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Fast-moving fire destroys 40 homes in Northern California

Flames jump a fire line in Butte County. But firefighters continue to gain ground on blazes in Goleta and Big Sur.

July 09, 2008|Steve Chawkins and Maria L. La Ganga | Times Staff Writers

GOLETA, CALIF — . -- Firefighters on Tuesday continued to gain ground against the stubborn fires burning in Goleta and Big Sur, but a fast-moving fire in Northern California destroyed 40 homes.

The 38,000-acre blaze in Butte County jumped a fire line, forcing the evacuation of at least 1,000 residents in Paradise, 90 miles north of Sacramento. Officials said the greatest damage was in the rural town of Concow but that nearby communities were also threatened.

"There's just no predicting how things will go," said Wes Cochran, a spokesman for the state Department of Forestry and Fire Protection.

By late afternoon, firefighters were working in triple-digit temperatures. Five separate, lightning-triggered blazes had joined to form the massive Camp fire. It had crossed a containment line overnight, burned homes in Concow and headed toward the Feather River, outside Paradise.

"We're hoping to make a stand at the river," Cochran said. "And we're expecting wind changes that could be favorable."

In Goleta, the 9,700-acre Gap fire was declared 50% contained, though officials could not predict when it would be fully encircled. Over the last few days, evacuated residents have been let back into their homes, but some on West Camino Cielo were still off limits.

With the blaze receding from areas closest to suburban neighborhoods, it is slowly advancing through thick brush to the north and northwest toward steep canyons dotted with homes.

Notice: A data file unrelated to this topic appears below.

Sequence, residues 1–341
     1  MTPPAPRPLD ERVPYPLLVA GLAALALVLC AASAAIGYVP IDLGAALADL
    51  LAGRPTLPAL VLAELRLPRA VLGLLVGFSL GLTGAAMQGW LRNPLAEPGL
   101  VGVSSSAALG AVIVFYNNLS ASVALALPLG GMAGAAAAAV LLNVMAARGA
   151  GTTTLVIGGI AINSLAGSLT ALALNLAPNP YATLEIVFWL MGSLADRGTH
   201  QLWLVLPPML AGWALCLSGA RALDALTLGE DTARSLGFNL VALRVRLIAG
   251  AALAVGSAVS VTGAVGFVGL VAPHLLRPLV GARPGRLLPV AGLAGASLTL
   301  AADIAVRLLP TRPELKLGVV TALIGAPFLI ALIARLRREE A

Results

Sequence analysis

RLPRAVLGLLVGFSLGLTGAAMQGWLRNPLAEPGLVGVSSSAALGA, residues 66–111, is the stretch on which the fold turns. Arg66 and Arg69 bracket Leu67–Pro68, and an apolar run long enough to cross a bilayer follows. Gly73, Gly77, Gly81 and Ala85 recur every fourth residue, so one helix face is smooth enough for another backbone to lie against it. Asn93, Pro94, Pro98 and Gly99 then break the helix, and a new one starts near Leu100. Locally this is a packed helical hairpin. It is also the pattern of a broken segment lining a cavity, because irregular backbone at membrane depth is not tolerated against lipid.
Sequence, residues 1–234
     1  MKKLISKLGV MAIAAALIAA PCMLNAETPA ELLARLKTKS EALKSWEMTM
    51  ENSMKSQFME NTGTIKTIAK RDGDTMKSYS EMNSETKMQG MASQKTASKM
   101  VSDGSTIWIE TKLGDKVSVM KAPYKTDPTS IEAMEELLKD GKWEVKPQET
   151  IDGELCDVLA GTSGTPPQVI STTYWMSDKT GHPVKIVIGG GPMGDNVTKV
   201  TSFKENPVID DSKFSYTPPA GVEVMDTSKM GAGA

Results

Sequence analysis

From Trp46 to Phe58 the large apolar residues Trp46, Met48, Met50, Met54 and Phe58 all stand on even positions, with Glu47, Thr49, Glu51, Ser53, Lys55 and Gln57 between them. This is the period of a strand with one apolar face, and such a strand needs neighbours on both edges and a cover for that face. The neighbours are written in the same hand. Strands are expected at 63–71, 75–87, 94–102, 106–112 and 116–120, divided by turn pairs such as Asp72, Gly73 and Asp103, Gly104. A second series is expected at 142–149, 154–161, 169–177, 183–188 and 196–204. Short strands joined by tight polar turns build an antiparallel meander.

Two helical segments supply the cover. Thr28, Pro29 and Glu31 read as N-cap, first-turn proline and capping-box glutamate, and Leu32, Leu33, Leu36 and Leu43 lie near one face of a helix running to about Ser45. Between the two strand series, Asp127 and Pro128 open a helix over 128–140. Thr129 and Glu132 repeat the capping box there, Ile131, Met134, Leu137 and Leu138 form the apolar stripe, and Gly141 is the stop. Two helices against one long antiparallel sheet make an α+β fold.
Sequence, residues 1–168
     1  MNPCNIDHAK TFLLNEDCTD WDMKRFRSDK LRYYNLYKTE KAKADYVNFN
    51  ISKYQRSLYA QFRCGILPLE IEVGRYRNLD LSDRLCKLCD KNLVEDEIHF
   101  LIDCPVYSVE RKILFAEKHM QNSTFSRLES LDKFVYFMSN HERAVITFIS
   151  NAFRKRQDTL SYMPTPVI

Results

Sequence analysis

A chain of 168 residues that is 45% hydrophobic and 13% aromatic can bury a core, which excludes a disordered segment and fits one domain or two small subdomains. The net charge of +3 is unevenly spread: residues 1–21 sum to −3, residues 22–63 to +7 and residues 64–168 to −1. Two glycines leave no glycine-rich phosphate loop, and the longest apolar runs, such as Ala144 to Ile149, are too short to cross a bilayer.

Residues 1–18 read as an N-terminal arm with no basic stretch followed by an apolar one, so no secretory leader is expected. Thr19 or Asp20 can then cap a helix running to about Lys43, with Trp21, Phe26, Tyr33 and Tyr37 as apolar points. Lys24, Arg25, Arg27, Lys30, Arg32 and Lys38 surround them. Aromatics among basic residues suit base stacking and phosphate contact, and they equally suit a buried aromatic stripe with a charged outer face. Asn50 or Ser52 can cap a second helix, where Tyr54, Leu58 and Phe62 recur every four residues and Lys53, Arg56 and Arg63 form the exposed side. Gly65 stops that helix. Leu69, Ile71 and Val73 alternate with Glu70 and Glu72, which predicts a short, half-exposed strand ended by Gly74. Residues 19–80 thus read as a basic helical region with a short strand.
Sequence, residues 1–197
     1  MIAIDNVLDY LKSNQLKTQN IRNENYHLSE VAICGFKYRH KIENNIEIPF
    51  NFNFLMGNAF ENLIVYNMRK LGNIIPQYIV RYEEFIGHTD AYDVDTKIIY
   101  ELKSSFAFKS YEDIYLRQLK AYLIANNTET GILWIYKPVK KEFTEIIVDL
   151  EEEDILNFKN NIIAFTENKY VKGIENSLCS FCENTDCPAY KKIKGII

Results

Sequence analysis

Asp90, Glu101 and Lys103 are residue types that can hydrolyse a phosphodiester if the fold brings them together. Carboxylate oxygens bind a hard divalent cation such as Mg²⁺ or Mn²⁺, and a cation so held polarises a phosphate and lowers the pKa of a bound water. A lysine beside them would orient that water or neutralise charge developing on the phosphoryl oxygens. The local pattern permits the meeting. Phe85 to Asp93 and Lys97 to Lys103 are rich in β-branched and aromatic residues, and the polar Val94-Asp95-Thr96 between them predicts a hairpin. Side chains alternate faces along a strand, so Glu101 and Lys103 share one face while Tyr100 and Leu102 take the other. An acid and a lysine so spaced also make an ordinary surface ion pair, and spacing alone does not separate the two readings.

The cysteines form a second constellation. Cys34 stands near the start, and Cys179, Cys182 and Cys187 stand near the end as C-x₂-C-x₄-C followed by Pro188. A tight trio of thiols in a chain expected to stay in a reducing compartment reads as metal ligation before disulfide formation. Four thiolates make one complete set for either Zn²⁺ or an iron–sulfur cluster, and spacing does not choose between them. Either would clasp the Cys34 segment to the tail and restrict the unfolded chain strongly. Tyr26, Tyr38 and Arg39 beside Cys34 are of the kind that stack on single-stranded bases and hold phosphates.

"We've got a lot of structure protection crews just waiting," said Capt. Eli Iskow, a spokesman for the Santa Barbara County Fire Department.

Though skies were nearly smoke-free over Goleta and Santa Barbara on Tuesday, the fire was near at hand.

Power lines have been engulfed by smoke and heat, triggering outages that have lasted from several minutes to several hours. At a theater complex in Goleta, signs announced that refunds would not be given on tickets or popcorn if the screens suddenly went dark.

In Big Sur, about 200 residents and business owners evacuated last week were allowed to return Tuesday to find out whether their properties had survived. The Basin Complex fire, which had burned 85,000 acres, was 23% contained by Tuesday morning. It had destroyed 23 structures and threatened 2,500 others.

Butch Kronlund knew his home was safe because he helped to keep it that way. Although the region was evacuated July 2, the general contractor never left Big Sur.

Kronlund went to the area to help build the posh Post Ranch Inn, and that's where he holed up for much of the last week.

He brought his generator so that the inn could fill its well, which supplied a nearby pond that firefighting helicopters used for water.

When buildings across the canyon from his ocean-view home burst into flame Friday, he went back and sprayed fire-retardant gel on the low-slung structure.

"The whole mountainside was on fire," he said Tuesday afternoon. "I figured if this thing didn't slow down, it would run through Ventana Inn and be on top of us."

Kronlund's house was spared.

"I'm very glad to be back," he said. "I'm very glad to have a home to come back to."



Times staff writer Eric Bailey and the Associated Press contributed to this report.

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